The importance of deep cold to human existence is often overlooked. The direction we usually gravitate toward is heat. Heat creates activities. Heat creates ease of methods. Heat creates intellectual and physical warmth, which we as a species naturally gravitate toward. However, the importance of deep cold cannot be underestimated. I believe deep cold has always been the other point of the compass, directing us to build habitat and shelter, to create food storage, and requiring communication.
I think in early man's history, the reality of the Polar regions affected life and habitat throughout the world, and the proximity to these extremes created unique survival components by the people who had to be in this proximity. These are the physical realities of deep cold.
In addressing the physical impact of deep cold, we need to realize that one of the most important relationships to ocean circulation is Polar ice. Without the massive amounts of frigid Polar water triggering the transportation mechanism for ocean currents – or what we term "the ocean conveyor belt" – the probabilities for serious deficiencies of oxygen in our atmosphere would result. The question of the health of the oceans is directly connected to the health of the Polar regions.
North Arctic ice melts into the ocean currents, which are vital for the ocean circulation including along the Pacific Coast specific to the Monterey area. The ocean currents require deep cold from Arctic areas for the conveyor belt to function. This conveyor belt is the essence of life in the ocean and helps provide the oxygen content for the world.
Psychologically, the concept of absolute cold and absolute absence of competing visual elements is the closest approximation we have to leaving this planet and going into space. And while the experience of space is not yet a reality for most people to access, the Polar regions can mimic some conditions of deep space better than any other place on our planet.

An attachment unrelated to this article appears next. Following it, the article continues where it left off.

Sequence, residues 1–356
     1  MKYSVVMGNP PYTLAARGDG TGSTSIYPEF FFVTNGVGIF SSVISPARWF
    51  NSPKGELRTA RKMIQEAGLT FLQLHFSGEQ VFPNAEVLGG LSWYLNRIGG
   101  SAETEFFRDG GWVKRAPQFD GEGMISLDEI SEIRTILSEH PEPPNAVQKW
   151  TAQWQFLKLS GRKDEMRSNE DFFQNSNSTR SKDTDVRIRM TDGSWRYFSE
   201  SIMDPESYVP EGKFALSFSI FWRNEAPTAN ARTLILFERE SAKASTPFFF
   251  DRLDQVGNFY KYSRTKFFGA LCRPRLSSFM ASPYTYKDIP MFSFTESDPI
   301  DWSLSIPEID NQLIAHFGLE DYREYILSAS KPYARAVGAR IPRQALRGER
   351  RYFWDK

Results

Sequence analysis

This psychology of man alone, reflecting his singular purpose, is highlighted in the Polar regions. The psychological impact: The supreme quiet of the Polar regions, with the absolute predominating blankness of landscape detail, is the stage to measure our unique personality and question our existence. These considerations form the backdrop for our needs for the spiritual rationale.
The spiritual impact of deep cold is also another characteristic in our behavior that is seminal to our conduct, intellectual considerations, and self-awareness. After some time spent in Polar landscapes, the spiritual component becomes apparent even to an agnostic visitor.
The Polar effect of visibility and void in practical and intellectual considerations requires the individual isolated in deep cold to come to grips with the overwhelmingly extreme vastness. This vastness is measured by one's diminutive stature and minimal voice in the deep cold ice field. Attempting to rationalize one's insignificance and sense of aloneness, is akin to grasping the reality and purpose of death in the battlefield. The Polar extreme of deep cold requires a personal definition – the spiritual realm realized. The sense of one with the force.
Another point of view considering the cow on the iceberg is that the animal perched on this natural platform, searching for food and life-sustaining resources, is also an animal emitting methane gases and driven to consume even more. This becomes a metaphor for humans standing on the natural world, consuming food, shelter, and resources that contribute to carbon emission. However, unlike the animal, we humans also consume materials that are not necessary but are embellishments. Because of our egos, we surround ourselves with toys, games, entertainment, and corporate rewards. These wants and desires, because of burgeoning population growth, become limiting and debilitating to simple survival and sustainability.